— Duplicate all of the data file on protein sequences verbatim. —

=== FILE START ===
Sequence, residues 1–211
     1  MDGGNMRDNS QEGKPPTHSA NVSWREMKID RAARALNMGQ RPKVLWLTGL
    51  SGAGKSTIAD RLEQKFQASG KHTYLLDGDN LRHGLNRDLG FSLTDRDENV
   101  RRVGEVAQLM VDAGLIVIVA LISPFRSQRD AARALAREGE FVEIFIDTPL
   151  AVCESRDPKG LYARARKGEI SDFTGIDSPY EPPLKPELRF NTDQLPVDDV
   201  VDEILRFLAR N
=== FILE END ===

Sequence, residues 1–211
     1  MDGGNMRDNS QEGKPPTHSA NVSWREMKID RAARALNMGQ RPKVLWLTGL
    51  SGAGKSTIAD RLEQKFQASG KHTYLLDGDN LRHGLNRDLG FSLTDRDENV
   101  RRVGEVAQLM VDAGLIVIVA LISPFRSQRD AARALAREGE FVEIFIDTPL
   151  AVCESRDPKG LYARARKGEI SDFTGIDSPY EPPLKPELRF NTDQLPVDDV
   201  VDEILRFLAR N